Bottled water is notorious for being made of BPA plastics and could be your biggest contributor to estrogenic dominance. Men exposed to chronic high levels of BPA encounter problems with erection potency, have altered libido and sometimes mood disorders. The effects also appear to be much more pronounced over the age of 30.
Check this out if you are interested in what the Food and Drug Administration has to say about BPA's-
Green Tea (5+ Cups)
This one will probably come as a shocker and a possibly a huge disappointment.
Chances are, you are currently drinking green tea or taking green tea extract in an effort to be healthy or help decrease body as part of a fat loss diet.
After all, it's supposed to be the healthiest drink in the world.
It still is, except -
A study published in the September 2011 issue of the "Indian Journal of Experimental Biology", found that drinking 5 cups of green tea a day, for 26 days reduced testosterone levels by around 20%. [i]
In the case of green tea- certain "catechins" are responsible for the hormonal disruptions, green tea isn't a BPA or xenoestrogen risk.
This just goes to show that green tea is not the total miracle drink that most of us believe it is.
(we cannot confirm if this is true of all types of tea)
Good Looking Loser says-
This study was news to me. Disappointing news.
I'm not going to avoid green tea since I administer my own doctor-supervised hormone replacement therapy and I'm basically immune to these types of things. I don't think you need to stop drinking green tea altogether either, especially if you are taking other measures to optimize your natural testosterone levels.
In fact, a 2013 study in the "Front Endocrinology" suggests that moderate green tea consumption (probably less than 5+ cups) actually increases testosterone.
There's a lot of worse things than green tea, like- fast food and the liquid diarrhea we call "breakfast cereal".
Still, you might want to avoid what I did in college - when I used to drink over 1 gallon (8-10+ green tea bags) a day.
You might want to opt for high-quality organic loose-leaf instead of those generic tea bags. The majority of mainstream, mass-produced tea is the cheapest of the cheapest and often sits in a basement in China for years before you drink it. Organic loose-leaf tastes WAY BETTER too.
A critic, like myself, can reasonably point out that the study was done on rats, with excessive quantities of green tea considering how small rats are and basically the only evidence in the world of this.
Still, it's our job to present and discuss non-mainstream topics that you won't find elsewhere and that's what we've done.
This issue is also discussed here-
- Suppversity: Nutrition and Exercise Science for Everybody: Green Tea Lowers Testosterone Levels by ~20%
Soy and Related Phytoestrogens
We've discussed how "Soy is for Pussies (But Even Women Should Avoid It)" before.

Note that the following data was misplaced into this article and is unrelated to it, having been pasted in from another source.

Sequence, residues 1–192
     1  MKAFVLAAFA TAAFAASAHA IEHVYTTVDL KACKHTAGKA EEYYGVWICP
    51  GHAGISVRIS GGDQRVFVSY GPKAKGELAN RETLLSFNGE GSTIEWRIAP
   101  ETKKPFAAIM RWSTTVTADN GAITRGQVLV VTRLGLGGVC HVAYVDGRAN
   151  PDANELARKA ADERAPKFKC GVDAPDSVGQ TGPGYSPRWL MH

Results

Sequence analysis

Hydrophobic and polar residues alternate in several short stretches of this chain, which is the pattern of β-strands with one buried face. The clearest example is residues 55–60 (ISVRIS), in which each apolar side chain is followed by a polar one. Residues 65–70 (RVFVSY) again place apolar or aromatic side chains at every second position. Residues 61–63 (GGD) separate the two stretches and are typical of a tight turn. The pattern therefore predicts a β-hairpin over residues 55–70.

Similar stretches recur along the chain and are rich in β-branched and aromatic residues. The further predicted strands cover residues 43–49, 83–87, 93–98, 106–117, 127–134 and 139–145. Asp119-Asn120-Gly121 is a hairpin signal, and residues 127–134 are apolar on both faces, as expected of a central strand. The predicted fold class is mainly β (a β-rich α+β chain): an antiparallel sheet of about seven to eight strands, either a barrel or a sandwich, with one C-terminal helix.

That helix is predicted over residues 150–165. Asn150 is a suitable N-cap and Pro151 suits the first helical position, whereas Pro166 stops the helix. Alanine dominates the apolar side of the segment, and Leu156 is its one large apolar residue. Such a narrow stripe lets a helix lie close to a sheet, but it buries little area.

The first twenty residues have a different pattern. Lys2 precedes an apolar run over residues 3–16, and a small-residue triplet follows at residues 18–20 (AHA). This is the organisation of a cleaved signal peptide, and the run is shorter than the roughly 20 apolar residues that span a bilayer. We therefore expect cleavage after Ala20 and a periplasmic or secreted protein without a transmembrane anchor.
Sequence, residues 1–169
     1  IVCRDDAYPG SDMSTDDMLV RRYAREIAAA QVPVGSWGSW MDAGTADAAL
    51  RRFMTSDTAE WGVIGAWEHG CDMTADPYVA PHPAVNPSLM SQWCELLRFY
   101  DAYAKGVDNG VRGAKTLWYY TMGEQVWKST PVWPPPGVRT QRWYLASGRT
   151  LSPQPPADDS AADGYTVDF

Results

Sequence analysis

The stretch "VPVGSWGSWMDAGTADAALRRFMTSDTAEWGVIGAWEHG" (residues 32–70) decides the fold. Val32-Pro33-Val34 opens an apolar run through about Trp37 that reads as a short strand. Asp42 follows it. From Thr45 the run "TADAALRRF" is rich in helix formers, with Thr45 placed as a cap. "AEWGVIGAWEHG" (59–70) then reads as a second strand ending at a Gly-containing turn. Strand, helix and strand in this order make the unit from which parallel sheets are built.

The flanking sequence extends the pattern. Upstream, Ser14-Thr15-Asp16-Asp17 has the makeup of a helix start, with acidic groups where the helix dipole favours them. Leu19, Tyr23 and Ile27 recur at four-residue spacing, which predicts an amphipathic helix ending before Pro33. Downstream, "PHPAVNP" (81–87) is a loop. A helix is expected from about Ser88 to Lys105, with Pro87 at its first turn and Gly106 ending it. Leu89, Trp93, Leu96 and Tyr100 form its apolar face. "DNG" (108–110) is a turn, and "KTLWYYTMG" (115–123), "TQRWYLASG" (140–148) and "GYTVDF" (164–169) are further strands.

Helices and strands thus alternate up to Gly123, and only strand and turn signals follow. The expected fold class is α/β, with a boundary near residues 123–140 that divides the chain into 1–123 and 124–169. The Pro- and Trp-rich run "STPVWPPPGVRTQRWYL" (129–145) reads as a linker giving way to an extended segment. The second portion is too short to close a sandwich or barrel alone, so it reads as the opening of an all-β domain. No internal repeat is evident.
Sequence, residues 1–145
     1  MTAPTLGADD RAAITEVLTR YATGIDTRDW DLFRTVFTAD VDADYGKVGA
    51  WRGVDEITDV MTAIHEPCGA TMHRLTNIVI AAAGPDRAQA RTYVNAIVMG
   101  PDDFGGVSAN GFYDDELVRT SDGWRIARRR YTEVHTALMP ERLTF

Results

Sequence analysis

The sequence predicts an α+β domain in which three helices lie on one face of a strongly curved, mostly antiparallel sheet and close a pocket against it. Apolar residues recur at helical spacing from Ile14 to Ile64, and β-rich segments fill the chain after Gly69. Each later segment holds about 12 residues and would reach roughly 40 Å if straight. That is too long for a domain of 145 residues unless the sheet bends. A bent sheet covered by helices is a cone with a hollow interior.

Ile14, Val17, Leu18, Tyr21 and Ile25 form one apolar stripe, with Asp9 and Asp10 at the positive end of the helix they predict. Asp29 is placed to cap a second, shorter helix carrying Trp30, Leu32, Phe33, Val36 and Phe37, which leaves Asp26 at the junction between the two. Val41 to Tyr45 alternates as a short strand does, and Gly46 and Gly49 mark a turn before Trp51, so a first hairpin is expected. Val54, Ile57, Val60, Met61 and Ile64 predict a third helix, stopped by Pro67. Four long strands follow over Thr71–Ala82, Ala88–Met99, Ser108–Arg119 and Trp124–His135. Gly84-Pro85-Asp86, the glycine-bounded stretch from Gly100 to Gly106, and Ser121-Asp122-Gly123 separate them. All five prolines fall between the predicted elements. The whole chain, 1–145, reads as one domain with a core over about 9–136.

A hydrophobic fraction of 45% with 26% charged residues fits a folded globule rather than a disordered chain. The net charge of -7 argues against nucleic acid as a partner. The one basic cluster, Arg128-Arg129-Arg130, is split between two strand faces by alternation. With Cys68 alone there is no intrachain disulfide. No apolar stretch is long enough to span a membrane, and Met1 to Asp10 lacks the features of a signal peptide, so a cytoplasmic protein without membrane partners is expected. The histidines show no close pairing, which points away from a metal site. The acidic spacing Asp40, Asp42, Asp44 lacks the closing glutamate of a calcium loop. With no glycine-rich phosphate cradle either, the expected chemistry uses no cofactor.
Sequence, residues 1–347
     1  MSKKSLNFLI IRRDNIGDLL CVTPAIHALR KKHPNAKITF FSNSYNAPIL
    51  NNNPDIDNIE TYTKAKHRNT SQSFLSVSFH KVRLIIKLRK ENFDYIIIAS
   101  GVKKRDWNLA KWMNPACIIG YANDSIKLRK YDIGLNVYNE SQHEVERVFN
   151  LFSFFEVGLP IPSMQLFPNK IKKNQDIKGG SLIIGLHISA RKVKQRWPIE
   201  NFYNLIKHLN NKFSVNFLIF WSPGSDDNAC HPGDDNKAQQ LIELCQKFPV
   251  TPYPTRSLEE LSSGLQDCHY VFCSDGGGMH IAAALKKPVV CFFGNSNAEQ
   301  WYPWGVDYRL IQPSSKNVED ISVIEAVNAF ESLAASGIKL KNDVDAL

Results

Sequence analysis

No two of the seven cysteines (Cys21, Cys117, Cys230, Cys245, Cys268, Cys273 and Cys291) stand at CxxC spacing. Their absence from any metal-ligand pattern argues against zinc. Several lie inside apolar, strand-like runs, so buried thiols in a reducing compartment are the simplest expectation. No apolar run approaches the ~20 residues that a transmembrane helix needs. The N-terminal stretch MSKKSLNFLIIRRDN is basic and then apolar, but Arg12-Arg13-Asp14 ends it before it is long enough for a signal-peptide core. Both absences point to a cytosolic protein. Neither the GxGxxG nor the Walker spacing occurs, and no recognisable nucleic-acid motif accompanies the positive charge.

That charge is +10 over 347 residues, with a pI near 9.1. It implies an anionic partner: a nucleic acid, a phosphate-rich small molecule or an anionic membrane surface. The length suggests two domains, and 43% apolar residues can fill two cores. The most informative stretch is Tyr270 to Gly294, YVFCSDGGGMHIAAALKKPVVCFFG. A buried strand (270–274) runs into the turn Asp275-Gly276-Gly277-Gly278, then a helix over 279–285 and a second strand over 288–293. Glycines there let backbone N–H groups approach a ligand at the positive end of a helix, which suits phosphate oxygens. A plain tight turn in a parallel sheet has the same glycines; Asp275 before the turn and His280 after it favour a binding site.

Many men are led to believe that soy and its phytoestrogens are perfectly safe, when in fact it could be making you more emo with each pill you pop or chunk you eat.
According to countless studies similar to the one cited below, soy consumption can have a definite negative effect on male sexuality and testosterone levels, being particularly troublesome in pre-pubertal boys and teenagers. In addition, older men were found to have developed ED after frequent consumption of soy based products.[ii]
Although you probably haven't heard of this one before, this chemical is actually very common in many personal care items and can significantly reduce your testosterone levels.
Oxybenzones are found in many things from the lip balm you use, to sunscreens and skin moisturizers.
Oxybenzone acts primarily as a UV protectant, hence its presence in many products of the sort. A 2008 study in the "Environment Health Perspective" found that more than 95% of Americans have tested positive for the presence of these compounds in their urine (even though the concentrations were relatively low.
Opt for natural lip balm (it actually works pretty well) instead of the generic "chap sticks". Even mainstream news networks, like CNN, has suggested this.
I've heard that average women has almost a pound of wax in her stomach/intestines by age 50 that has come from lipstick, lip balms and mass produced commercial cosmetics. I didn't find anything scientific confirming this however.
To avoid this compound, just look at the 'drug facts' on the label-
Many bodybuilders may have used ATD before (or 1,4,6-androstatriene-3,17-dione) as a potent anti-estrogen and purported testosterone booster, but research has shown that it is actually a strong anti-androgen as well.
What’s more interesting is the fact that the study was conducted in rodents being treated with external testosterone shots, for a super physiological level, and yet suppression was significant.[iii]